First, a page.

FRP Helps Construction Crew Beat Winter Weather, Solve Multiple Issues With Yellowstone National Park Landmark Bridge
Yellowstone National Park’s Fishing Bridge was aptly named when it was built in 1902. The rough-hewn corduroy log bridge straddled a major spawning area for cutthroat trout and attracted anglers by the droves. The bridge was rebuilt in 1937 and closed to fishing in 1973 following a decline in the fish population. When Hamilton Construction was subcontracted to install a new deck on the bridge, the crew faced several challenges, namely a short window of opportunity dictated by weather and the tourist season. The company couldn’t close the bridge until Oct. 15 when the park closed to visitors but only had until Nov. 5 to remove and replace asphalt and planking with a new deck. Prefabricated FiberSPAN FRP panels proved to be the right choice.
Hamilton Construction Weighs In
Fishing Bridge is part of the park’s Eastern access road which brings visitors to Yellowstone Lake. The body of water is considered to be the largest mountain lake at an elevation of 7,733 ft. Once the bridge was closed for repairs, accessing the work site meant trucks carrying oversized loads of FiberSPAN FRP panels had to cross into Yellowstone through Cody, Wyoming. Founded by Buffalo Bill Cody, the historic town is 53 miles from the park entrance. “Getting the panels to the job site was really tough,” says Chris Duty, project manager for Hamilton Construction’s Mountain West Division. “We had seven trucks with loads ranging from 12 to almost 13 ft. wide. Some trucks were rerouted which meant panels arrived out of order. We needed to be able to lay 30 FRP panels—22 of which were different styles—from West to East while working inside a very specific environmental footprint because you can’t disturb nature. That meant we had to pick some panels off trucks and stockpile them to maintain proper order. We had to determine which panels we could unload and which panels needed to be stock piled. Weather conditions also had a big impact on the work. Jason Driver, installation coordinator for Composite Advantage, was on-site throughout the project helping us work through these logistics. It all went really well because of the cooperation and communication between Composite Advantage and us. It was a team effort; everyone worked really well together.”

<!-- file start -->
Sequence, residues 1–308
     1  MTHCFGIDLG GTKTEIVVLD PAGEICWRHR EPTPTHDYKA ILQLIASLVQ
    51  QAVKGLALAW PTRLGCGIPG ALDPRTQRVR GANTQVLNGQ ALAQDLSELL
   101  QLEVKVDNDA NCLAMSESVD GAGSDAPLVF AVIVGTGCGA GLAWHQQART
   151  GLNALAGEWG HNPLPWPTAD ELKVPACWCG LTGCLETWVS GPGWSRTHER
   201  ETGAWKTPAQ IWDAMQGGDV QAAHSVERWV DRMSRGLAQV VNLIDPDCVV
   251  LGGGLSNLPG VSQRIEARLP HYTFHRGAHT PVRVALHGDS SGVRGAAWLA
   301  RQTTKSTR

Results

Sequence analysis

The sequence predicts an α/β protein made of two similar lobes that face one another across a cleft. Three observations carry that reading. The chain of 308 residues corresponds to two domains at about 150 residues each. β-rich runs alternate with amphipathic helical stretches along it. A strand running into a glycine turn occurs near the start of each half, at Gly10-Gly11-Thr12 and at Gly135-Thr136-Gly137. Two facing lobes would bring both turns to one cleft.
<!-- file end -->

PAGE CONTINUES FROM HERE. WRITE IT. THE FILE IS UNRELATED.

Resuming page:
The original structure had a driving surface of asphalt and asphalt planking on top of timber. Old timber logs formed the curbline. Typically FiberSPAN panels are bolted to a steel superstructure. In the case of Fishing Bridge, the design flexibility of FRP met project requirements for wood timber stringers or supportsspaced 4 ft. on center. Bridge owners wanted to preserve the historic integrity of the wooden structure. Specifications included AASHTO HL-93 vehicle plus impact loading; L/500 maximum deflection requirement; uplift load of 30 psf; and a minimum bending safety factor of 2.5.. Bridge length totaled 532 ft., 1 ¼ in. A 3/8-in. black aluminum oxide wear surface was applied to the deck. Deck and wear surface weighed 15.4 psf. Direct bolting was used to connect the deck to the bridge’s wood timbers.
FiberSPAN panels were connected to the existing wood deck by using a layout template to drill holes that matched pre-drilled holes in the bottom surface of the deck. Stainless steel ½-in. -bolts were then inserted through the wood into steel plates molded into the deck. The connection method was designed to handle braking and uplift loads. This approach allows bridge panels to move slightly in relationship to each other so that thermal strain does not build up in the deck
system. “I liked the simplicity of setting the panels down verses concrete overlay,” says Duty. “The bolting method was a bit challenging initially because we had to drill through 6 in. of timber and then bolt up from the bottom, but it worked out really well. I was pleased to see how easy it was. The ability to use FRP solved multiple issues for us. Because the deck spanned several piers, it strengthened the overall structure. And we completed the work a week early. We pulled out on Oct. 29. There was an inch of snow on the ground when we left.”